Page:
Researchers target estrogen receptor to slow growth and metastasis of breast cancer
Less than 20 percent of diagnosed breast cancers are designated “triple-negative,” meaning that the affected tissues lack three types of receptors often found in other breast cancer types, but TNBCs are often aggressive with a higher risk of recurrence, metastasis, and mortality. In a study conducted in TNBC cells and in a mouse model of the disease, researchers found that targeting a specific estrogen receptor that is sometimes present in TNBCs alters the activity of dozens of cancer-related genes and slows the growth and metastasis of these breast cancers.
Reported in the journal Endocrinology, the study details many of the gene regulatory changes and anticancer molecular pathways that are activated in response to stimulating and upregulating this protein, estrogen receptor beta.
Previous studies have found that ER beta can have cancer-suppressive effects, but how the receptor contributes to anti-cancer pathways is not well understood, said Benita Katzenellenbogen, a professor of molecular and integrative physiology at the University of Illinois Urbana-Champaign, who led the new research with U of I chemistry professor John Katzenellenbogen.
“There are relatively few studies on how ER beta and the molecules that bind to ER beta and activate it affect triple-negative breast cancer,” she said.
Estrogen receptor alpha – a more widely studied receptor found in at least 70 percent of breast cancers – shares some similarities with ER beta, but the two are not identical, Benita Katzenellenbogen said. Both spur changes in gene expression when activated by estradiol, a primary female estrogen. But ER alpha and ER beta are encoded by different genes, and their abundance and behavior differ.
“You have a lot of ER alpha in the liver, for example, but there are places in the brain where ER beta is expressed,” she said. ER alpha activation by estrogen tends to promote breast cancer growth, whereas ER beta has anti-cancer effects. In TNBC, ER alpha levels are low to nonexistent, but the quantity of ER beta varies. People diagnosed with TNBC who have more ER beta expressed in the breast cancer tend to survive longer than those with low levels of ER beta.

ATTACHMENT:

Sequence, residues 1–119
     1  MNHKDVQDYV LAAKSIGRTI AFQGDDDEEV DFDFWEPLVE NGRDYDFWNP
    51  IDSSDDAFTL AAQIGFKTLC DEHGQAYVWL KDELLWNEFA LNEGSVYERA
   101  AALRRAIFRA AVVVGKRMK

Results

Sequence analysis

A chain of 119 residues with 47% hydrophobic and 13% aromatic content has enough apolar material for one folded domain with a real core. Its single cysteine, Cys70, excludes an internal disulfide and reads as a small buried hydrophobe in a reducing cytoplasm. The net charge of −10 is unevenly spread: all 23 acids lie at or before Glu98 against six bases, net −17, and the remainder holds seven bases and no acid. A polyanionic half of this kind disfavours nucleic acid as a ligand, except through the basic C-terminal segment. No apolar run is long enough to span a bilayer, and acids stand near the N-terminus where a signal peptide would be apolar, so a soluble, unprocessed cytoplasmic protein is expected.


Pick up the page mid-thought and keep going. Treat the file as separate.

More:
To better understand the molecular pathways that drive these differences, the researchers used human TNBC cells grown in the lab so that ER beta levels could be controlled. They also looked at the behavior of TNBC tumors containing varying levels of ER beta in mice. Some of the mice also received treatment with chloroindazole, a drug that mimics estradiol’s activating effects on ER beta.
“It is best to activate ER beta without affecting ER alpha,” John Katzenellenbogen said. “And chloroindazole was one of the best compounds we developed for doing that.”
The experiments revealed that hundreds of genes are regulated differently in cells or tumors expressing high levels of ER beta. Some of those genes contribute to – or suppress – cancer proliferation and metastasis. In mice with TNBC tumors containing higher levels of ER beta, the team saw greater reductions in tumor growth and metastasis.
“We started with very low estrogen-receptor beta and then increased production of the ER beta protein,” John Katzenellenbogen said. “We then studied how different levels of ER beta affected the growth of the primary tumor and metastatic tumors that come from the primary tumor. And we found that ER beta suppressed tumor proliferation, invasiveness and metastasis.”
When the researchers further activated the ER beta with chloroindazole, it added to the anti-cancer effects in certain circumstances.
“Even elevating ER beta to a low level had a substantial impact on tumor growth and especially on metastasis,” Benita Katzenellenbogen said. “And in many cases, we found that the additional administration of chloroindazole further benefited the suppressive activities.” She noted that the treatments altered cancer cells but also can influence other cell types, such as the stromal cells that support the growth and maintenance of the cancer.
More work remains to be done to further understand the role of ER beta in certain breast cancers, the Katzenellenbogens said. This research may also be useful in the treatment of other cancer types, such as cancers of the ovary and brain, tissues that also express good levels of ER beta receptors.
The researchers note that a clinical trial testing the use of estradiol to modulate the activity of ER beta in TNBC patients is currently underway at the Mayo Clinic. They are not involved in that research but look forward to the results.
The Breast Cancer Research Foundation, National Institutes of Health, and the Julius and Mary Landfield Cancer Research Fund at the University of Illinois Urbana-Champaign supported this research.